Russia has denied reports of the botched tank raid, accusing Western news agencies of fabricating a deliberate propaganda effort. "Now everyone's waiting for the video, because the Chechens usually record these things," says TIME Moscow correspondent Andrew Meier. "After Moscow's denials, a video showing the ambush did occur could prove embarrassing to Russia's generals." It would prove even more embarrassing to Prime Minister Vladimir Putin, who has built his political reputation almost exclusively on the Chechnya campaign. "The plan may have been for Putin to fly down and raise the Russian flag over Grozny on the eve of Sunday's parliamentary elections," says Meier. "But if reports of the ambush prove true, that could throw a wrench in the works." Once Sunday's elections are over, Russia may be more inclined to seek a political solution. Seizing Grozny is, after all, primarily of symbolic importance, since most of the Chechen rebel forces have retreated intact into the mountains. But Putin may not want to still have his army deployed in a hostile guerrilla environment six months from now when he goes to the electorate to seek the presidency.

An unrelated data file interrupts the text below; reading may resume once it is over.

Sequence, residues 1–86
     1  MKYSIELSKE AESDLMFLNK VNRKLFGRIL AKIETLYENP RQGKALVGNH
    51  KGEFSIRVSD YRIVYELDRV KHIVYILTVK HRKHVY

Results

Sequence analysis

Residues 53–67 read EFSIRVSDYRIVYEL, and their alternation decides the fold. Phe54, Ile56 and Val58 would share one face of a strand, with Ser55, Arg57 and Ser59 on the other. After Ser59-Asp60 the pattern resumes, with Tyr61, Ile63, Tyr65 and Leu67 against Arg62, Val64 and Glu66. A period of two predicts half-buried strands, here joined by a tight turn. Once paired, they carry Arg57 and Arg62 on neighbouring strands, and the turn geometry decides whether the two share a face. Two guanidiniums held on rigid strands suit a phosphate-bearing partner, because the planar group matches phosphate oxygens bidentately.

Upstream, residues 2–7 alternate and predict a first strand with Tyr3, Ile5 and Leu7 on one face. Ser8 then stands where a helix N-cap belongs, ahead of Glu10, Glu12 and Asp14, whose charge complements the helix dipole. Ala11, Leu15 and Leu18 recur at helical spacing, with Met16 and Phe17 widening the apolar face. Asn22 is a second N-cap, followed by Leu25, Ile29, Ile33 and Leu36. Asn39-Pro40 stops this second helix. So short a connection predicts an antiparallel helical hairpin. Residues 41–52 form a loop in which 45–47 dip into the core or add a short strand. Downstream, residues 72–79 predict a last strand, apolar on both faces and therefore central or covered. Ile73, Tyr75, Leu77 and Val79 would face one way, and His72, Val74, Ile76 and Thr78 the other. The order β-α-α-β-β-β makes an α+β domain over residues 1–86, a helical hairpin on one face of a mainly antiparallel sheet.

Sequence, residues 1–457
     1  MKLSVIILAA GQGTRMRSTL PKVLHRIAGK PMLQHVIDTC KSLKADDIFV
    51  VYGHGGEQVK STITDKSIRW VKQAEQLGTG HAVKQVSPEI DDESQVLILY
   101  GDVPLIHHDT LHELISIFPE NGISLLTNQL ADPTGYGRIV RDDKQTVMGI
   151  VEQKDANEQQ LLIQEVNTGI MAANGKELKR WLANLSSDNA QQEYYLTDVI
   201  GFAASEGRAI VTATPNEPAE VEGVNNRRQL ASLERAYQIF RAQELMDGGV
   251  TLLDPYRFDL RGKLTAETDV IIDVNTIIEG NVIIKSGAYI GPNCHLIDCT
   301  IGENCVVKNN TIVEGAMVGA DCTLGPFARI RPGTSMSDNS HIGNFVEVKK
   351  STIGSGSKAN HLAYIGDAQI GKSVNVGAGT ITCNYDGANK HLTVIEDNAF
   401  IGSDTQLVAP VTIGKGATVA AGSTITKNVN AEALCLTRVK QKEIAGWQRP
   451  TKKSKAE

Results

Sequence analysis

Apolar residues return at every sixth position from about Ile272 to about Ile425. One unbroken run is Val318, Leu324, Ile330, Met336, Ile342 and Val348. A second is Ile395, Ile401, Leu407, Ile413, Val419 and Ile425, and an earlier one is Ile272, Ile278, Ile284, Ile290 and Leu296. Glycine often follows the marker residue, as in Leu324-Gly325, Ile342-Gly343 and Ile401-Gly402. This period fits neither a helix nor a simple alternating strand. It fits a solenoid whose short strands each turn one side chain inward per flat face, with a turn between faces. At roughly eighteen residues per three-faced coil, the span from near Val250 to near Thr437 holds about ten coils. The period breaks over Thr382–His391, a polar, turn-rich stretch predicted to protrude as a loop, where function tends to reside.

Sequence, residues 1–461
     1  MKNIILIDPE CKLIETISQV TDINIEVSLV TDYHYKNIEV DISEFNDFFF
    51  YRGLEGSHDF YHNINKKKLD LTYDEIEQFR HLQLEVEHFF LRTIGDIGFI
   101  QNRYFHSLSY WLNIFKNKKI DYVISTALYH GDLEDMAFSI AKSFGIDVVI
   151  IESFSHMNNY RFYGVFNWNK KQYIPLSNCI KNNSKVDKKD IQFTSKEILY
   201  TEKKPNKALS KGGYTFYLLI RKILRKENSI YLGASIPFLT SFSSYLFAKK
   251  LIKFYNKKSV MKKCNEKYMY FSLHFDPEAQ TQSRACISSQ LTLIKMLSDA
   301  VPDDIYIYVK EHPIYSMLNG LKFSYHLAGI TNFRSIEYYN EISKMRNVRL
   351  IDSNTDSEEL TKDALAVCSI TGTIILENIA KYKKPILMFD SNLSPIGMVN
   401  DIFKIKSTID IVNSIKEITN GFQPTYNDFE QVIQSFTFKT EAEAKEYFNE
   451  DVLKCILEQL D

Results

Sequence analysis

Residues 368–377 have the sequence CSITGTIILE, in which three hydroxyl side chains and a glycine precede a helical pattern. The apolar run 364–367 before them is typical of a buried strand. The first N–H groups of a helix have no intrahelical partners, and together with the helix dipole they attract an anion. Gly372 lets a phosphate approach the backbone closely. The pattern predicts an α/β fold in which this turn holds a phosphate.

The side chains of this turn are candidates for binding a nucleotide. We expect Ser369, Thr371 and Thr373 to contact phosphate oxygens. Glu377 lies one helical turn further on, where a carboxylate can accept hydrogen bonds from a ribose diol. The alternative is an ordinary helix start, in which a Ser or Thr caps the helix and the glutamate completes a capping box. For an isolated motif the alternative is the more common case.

The latest round of Western hand-wringing looks unlikely to stop Russia's Chechnya campaign particularly since it's not backed up by any credible threat. Secretary of State Madeleine Albright warned Friday that the U.S. was "reviewing" loans to Russia as she joined G7 foreign ministers and her Russian counterpart, Foreign Minister Igor Ivanov, in Berlin for talks on the crisis. But President Clinton last week emphasized Washington's belief that sanctions are an inappropriate response to the Chechnya situation, and Moscow isn't likely to lose any sleep over the latest warnings. Having reportedly lost an armored column in a botched assault on Grozny Wednesday, Russian forces continued relentlessly shelling the Chechen capital Friday.